A New View of Review: Predictive Coding Vows to Cut E-Discovery Drudgery
Consider these two words as a new glimmer on the dark horizon of the ever-expanding e-discovery world: predictive coding. The thinking machine’s answer to manually sifting through hundreds of thousands of e-documents for a few shreds of evidence, predictive coding shoulders e-discovery grunt work at speeds that can be blazing—and with results that are reportedly at least as reliable as document reviewers.
“There has been a long-standing myth in the legal field that exhaustive manual review is the gold standard, or nearly perfect, but that has been shown to be a fallacy,” says Maura R. Grossman, counsel at Wachtell, Lipton, Rosen & Katz in New York City. “Humans manually reviewing large numbers of documents for responsiveness make errors.
“Research has shown that, under the best circumstances, manual review will identify about 70 percent of the responsive documents in a large data collection. Some technology-assisted approaches have been shown to perform at least as well as that, if not better, at far less cost.”
In fact, Grossman recently released research (PDF) with co-author Gordon V. Cormack, a computer science professor at the University of Waterloo in Ontario, that concluded software using a predictive-coding approach can do a better job of sifting through more than 800,000 documents than humans.
More than a few respected law firms are intrigued and have begun to slowly embrace the technology, which best ferrets out sensitive e-documents with the help of a seasoned law pro at the helm.
INPUT, TWEAK, RESULT
Essentially, the software works by delivering results based on a barrage of keyword inputs, which are tweaked by a seasoned attorney who then continually refeeds the best resulting documents back into the system as examples until the software “learns” what the attorney is really looking for.
Sanjay Manocha, CEO of New York City-based Landmark Discovery, says, “The predictive coding technologies that we utilize … are very effective at prioritizing documents for review, i.e., identifying document groups that are largely responsive, which should be reviewed early on, and separating those from document groups that are largely non responsive, which should either be reviewed in later stages or be subject to culling.
“As an example,” Manocha says, “in one of the matters that we worked on for a law firm client in the Am Law 100 top 10, we identified a sub set of documents representing 4 per cent of the entire population that contained 77 percent of responsive documents, and another subset representing about 30 percent of the entire population but containing less than 0.5 percent of responsive documents.”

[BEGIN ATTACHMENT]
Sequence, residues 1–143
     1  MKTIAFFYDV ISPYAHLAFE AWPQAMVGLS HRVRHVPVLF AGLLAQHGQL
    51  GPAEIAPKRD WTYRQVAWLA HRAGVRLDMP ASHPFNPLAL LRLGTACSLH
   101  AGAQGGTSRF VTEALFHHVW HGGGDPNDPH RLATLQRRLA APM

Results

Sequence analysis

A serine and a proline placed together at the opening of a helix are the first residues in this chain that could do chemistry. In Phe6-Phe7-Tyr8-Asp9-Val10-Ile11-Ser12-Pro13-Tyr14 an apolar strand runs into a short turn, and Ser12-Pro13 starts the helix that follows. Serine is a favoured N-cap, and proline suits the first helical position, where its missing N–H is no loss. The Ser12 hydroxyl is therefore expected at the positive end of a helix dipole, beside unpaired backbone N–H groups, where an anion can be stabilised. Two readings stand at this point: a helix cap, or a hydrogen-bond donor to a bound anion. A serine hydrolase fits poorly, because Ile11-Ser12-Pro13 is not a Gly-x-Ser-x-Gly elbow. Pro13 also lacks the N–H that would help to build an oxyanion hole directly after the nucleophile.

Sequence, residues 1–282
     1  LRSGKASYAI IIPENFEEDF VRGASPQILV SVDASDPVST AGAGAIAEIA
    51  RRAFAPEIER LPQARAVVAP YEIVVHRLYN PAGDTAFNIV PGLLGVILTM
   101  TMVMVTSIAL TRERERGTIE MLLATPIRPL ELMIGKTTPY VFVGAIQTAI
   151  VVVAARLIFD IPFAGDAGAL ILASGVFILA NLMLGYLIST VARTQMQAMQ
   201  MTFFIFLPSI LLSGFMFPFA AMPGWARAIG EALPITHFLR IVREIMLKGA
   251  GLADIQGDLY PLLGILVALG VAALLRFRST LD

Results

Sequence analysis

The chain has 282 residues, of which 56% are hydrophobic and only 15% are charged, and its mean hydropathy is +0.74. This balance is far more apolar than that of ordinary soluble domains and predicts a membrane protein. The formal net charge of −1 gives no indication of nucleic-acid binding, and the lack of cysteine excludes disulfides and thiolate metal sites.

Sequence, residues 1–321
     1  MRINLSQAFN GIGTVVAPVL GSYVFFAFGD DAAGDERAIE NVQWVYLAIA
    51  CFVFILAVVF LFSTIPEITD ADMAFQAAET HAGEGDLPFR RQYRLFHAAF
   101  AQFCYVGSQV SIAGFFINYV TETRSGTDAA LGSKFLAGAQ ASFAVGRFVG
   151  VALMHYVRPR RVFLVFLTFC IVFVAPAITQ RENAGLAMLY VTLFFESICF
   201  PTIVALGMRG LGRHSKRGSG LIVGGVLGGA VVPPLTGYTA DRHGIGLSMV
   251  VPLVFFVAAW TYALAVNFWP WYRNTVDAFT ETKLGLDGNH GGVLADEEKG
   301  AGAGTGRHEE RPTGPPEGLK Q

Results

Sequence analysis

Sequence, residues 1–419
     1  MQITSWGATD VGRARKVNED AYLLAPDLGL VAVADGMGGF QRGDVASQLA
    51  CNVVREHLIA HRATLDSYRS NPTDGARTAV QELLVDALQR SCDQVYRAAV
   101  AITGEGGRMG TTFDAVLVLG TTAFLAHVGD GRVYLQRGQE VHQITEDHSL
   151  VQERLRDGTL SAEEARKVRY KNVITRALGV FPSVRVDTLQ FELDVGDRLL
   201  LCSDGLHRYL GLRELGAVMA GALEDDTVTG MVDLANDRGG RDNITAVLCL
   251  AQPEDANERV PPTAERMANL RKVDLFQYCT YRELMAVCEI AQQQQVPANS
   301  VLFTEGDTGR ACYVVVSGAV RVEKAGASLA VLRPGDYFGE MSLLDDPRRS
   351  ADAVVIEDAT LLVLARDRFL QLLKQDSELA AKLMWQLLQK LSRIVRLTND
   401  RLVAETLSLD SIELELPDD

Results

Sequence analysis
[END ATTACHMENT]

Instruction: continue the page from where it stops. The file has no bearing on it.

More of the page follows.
Manocha’s firm uses predictive coding software from Equivio, a firm out of both Kensington, Md., and Rosh Haayin, Israel, that describes itself as “dedicated to the problem of managing data redundancy.”
But the technology’s use at law firms is still so new, many question its legal defensibility, although that mindset is beginning to change, according to Craig Carpenter, vice president of marketing at Recommind, a predictive-coding software provider based in San Francisco.
“What often happens is that both sides will essentially agree that one or the other or both will use predictive coding, and that that’s fine with both sides,” says Carpenter, whose firm licenses its software at $650 per gigabyte of data searched. “It doesn’t make it defensible, but it makes the potential defensibility not an issue at all.”
Perhaps the only worrisome facet in this new wave of search is that a machine is now promising to do the same work that was previously the realm of entry-level new hires. More than a few fresh-out-of-law-school types are probably wondering: Is predictive coding my friend, or should I stick a pencil in my computer fan?
In a perfect world, one would hope predictive coding will free up scores of freshly scrubbed new esquires to wave goodbye to document review drudgery and immerse themselves in much more fascinating aspects of the law.
But even if some of the least experienced attorneys find themselves out of work because of predictive coding, Carpenter assures that the impact will be limited to attorneys at e-discovery service providers overseas.
“If you’re a contract attorney reviewer offshore,” Carpenter predicts, “you will lose your job.”